I hadn’t really thought about anything else to shoot with the tubelight as test subjects. However, I was shooting motorcycles in John’s garage a few days later, and decided to do a lightpainted image of one of the motorcycles. I’ve done a fair bit of lightpainting in the past, although it tended to be using flash and stacking several exposed images. I had used single exposures and a constant lightsource before, but it was a good while ago, during my film days. I used to use a cycle lamp as the light source back then. My first attempt with the motorcycle was a bit of a disappointment. Far too long an exposure, as I had vastly under estimated just how bright the tubelight was. Basically, I got a white frame. Meh!

Much better on the second attempt, but still too bright.

My third go was pretty good, and I included the tubelight within the image, so the pathwould be visible. It’s still a little brighter than I was aiming for.

Olympus OM-D E-M1 mkII 15 secs f20 ISO200 tubelight at half power.

I now increased the distance of the tubelight to the motorcycle, effectively doubling it, and opened the aperture a little. Again, this image is a simple conversion from raw to jpeg in Lightroom

Olympus OM-D E-M1 mkII 15 secs f16 ISO200 tubelight at half power.

The BTS below is actually from the flash based shoot I was doing earlier, where the bike faced the other way.

Considering I hadn’t lightpainted with a constant light source in a number of decades (ahem!), I like the finished image. I particularly like the the colours and tones and feel they are an accurate representation. I think the broad path of light causes an even coverage, and is down to the length of the tubelight. it picks up the detail quite nicely. In my film days, I sometimes had problems with dark areas when using the cycle light as a light source, due to it’s small size. I was quite surprised to see just how well the lightpainted image compared to the flash image taken earlier. This image is a straight conversion, whereas my flash image was fully worked up, and there wasn’t a lot to choose between them.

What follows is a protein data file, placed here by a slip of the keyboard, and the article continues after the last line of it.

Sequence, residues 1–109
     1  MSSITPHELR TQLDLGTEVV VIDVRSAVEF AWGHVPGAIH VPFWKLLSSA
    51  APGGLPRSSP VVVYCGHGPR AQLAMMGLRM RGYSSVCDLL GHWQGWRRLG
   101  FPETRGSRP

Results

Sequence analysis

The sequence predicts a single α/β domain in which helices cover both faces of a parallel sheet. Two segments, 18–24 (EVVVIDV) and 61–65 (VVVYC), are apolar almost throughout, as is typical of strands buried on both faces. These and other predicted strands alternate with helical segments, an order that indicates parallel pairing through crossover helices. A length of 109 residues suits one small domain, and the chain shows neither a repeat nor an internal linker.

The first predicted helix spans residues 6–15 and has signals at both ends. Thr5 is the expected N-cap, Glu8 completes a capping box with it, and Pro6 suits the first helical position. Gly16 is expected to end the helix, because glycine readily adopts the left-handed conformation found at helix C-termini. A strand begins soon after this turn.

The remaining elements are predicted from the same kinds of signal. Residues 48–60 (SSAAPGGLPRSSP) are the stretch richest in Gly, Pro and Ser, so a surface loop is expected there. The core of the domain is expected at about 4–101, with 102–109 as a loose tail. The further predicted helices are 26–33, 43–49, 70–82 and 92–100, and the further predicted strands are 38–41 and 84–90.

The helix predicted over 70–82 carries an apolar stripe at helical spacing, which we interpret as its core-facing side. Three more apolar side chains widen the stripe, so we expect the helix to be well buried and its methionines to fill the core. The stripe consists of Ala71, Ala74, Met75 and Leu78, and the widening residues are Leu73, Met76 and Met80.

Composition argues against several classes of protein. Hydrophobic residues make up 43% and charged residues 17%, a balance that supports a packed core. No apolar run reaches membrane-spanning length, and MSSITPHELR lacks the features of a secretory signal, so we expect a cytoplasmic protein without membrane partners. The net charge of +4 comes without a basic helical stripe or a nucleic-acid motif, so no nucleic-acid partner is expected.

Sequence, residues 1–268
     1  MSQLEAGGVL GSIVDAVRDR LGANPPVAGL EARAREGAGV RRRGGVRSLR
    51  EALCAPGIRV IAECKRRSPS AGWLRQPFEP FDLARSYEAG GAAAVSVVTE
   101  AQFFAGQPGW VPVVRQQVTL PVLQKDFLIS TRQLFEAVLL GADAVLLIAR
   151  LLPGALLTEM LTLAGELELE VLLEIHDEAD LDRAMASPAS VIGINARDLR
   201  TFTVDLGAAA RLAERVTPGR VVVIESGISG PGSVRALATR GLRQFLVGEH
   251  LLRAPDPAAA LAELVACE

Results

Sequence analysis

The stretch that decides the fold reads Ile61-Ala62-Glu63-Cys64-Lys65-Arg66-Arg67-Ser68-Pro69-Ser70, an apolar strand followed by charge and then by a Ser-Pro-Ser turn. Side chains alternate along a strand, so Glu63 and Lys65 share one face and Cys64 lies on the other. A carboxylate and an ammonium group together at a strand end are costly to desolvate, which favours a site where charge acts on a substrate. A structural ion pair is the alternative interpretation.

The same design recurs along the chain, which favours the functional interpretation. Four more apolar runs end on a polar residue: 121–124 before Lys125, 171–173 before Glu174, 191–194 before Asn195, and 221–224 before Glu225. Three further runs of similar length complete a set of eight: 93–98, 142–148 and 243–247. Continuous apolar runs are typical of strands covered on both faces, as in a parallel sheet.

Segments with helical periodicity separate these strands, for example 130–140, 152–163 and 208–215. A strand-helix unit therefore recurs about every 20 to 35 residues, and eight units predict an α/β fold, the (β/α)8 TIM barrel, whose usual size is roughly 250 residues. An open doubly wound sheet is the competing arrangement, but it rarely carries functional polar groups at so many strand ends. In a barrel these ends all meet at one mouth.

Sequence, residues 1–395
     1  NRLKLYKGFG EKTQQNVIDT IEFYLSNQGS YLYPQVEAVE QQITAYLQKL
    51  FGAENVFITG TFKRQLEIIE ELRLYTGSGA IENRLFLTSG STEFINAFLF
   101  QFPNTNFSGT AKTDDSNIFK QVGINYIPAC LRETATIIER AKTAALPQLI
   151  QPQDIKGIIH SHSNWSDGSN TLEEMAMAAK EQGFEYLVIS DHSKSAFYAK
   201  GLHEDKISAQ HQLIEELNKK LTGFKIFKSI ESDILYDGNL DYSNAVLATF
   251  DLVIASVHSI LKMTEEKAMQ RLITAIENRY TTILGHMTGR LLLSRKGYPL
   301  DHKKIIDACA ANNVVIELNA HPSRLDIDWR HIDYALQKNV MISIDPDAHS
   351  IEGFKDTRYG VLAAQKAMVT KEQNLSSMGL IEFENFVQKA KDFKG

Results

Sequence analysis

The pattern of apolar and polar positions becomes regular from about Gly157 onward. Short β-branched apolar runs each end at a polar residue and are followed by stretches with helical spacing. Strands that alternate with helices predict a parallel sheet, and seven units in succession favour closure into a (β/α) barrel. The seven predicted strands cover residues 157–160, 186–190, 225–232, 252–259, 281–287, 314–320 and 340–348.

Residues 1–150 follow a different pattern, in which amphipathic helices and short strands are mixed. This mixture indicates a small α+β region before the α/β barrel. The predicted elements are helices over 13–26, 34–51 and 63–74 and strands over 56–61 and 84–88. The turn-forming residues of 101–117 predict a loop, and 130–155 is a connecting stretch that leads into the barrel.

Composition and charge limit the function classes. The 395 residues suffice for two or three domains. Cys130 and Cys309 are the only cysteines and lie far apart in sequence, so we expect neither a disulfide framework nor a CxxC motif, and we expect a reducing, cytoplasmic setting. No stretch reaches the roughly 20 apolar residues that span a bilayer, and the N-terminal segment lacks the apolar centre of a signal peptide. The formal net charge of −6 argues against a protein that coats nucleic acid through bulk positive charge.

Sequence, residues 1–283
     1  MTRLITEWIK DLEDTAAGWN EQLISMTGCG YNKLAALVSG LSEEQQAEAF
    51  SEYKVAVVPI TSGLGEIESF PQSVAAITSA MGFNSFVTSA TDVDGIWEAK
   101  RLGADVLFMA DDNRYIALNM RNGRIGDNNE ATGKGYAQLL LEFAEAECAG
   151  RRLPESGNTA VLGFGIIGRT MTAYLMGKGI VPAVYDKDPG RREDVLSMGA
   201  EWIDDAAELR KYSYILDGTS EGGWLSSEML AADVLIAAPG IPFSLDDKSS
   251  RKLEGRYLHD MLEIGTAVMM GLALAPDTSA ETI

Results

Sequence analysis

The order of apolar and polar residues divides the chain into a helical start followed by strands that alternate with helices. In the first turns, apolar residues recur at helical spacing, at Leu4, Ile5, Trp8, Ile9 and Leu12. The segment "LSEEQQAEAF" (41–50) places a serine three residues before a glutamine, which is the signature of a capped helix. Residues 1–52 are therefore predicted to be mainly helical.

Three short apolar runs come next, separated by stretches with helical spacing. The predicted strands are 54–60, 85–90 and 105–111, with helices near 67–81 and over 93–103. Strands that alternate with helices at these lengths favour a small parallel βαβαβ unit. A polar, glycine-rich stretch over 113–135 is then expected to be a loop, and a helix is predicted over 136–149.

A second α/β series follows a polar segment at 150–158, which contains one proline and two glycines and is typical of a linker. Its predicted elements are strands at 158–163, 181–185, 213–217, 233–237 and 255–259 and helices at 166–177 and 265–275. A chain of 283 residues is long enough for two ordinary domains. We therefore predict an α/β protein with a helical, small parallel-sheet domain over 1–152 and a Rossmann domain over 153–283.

Materials and finish are to a very high standard, and it certainly feels robust. Very straihtforward to use, and after only a few minutes prodding various buttons to see what they do, I felt quite confident. The tubelight came complete with two batteries, a really good quality case and also a remote. Two chargers, one for the batteries and a second to charge the battery whilst in use. The batteries give an hour’s shooting time if the tubelight is at full power. Of course, the ability to run the tubelight from mains and charge the battery insitu when shooting in a studio is a nice feature. The batteries take 2.5hrs to fully charge from flat.

The colour rendering was a bit of a surprise, and particularly true regarding skin tones.

I’m definitely flash orientated. Have I changed my mind after using the Mcoplus tubelight? No, not really. Although it’s re-kindled my interest in light painting again. And I do quite fancy having a go at using it for a food shoot.

Considering I’m a dyed in the wool flash user, I do find I’ve started to take it along to location shoots. More interesting, is the fact I’ve started looking for personal projects, with the aim to use the tubelight, and that’s taken me more by surprise than anything. All my photography is basically client orientated.

I believe the Mcoplus tubelight is worth the price tag. The idea of doing projects for me, rather than clients, is worth a great deal more than the cost of the tubelight.

Manufacturers Specs:

Operation Current: 7.2~8.4V
Power: 20W
Color Temperature: 3200K/5500K
Lumens: 2000LM
CRI: 95
Beam angle: 60 degree
LED lamp: 322pcs
Average Life span: 50000hrs
Voltage: 12V/1A
Charging time: 2.5H
Battery Model: NP-F550
Battery use time: Approx. 1hr